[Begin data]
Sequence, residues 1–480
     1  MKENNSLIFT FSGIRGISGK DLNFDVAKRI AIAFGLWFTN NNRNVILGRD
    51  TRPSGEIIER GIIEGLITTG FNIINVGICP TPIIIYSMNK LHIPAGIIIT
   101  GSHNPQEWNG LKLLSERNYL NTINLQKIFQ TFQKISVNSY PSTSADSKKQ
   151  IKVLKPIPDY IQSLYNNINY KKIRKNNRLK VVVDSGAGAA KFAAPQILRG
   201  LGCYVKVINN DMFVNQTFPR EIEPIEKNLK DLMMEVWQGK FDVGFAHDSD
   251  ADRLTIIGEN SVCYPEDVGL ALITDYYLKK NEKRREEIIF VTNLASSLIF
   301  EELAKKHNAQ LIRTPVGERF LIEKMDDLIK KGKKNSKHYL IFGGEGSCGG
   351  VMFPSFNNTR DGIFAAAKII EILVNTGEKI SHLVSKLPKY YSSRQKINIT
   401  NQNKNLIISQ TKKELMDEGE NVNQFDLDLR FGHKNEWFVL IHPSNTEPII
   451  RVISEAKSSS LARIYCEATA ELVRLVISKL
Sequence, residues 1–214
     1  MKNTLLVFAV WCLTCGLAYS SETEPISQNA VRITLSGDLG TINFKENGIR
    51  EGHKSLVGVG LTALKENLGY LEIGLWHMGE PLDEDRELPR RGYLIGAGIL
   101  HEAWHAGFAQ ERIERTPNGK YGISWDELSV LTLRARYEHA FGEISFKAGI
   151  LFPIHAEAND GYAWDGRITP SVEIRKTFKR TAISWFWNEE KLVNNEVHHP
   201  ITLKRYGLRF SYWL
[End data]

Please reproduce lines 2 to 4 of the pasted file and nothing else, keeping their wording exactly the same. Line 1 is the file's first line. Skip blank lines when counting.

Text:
     1  MKENNSLIFT FSGIRGISGK DLNFDVAKRI AIAFGLWFTN NNRNVILGRD
    51  TRPSGEIIER GIIEGLITTG FNIINVGICP TPIIIYSMNK LHIPAGIIIT
   101  GSHNPQEWNG LKLLSERNYL NTINLQKIFQ TFQKISVNSY PSTSADSKKQ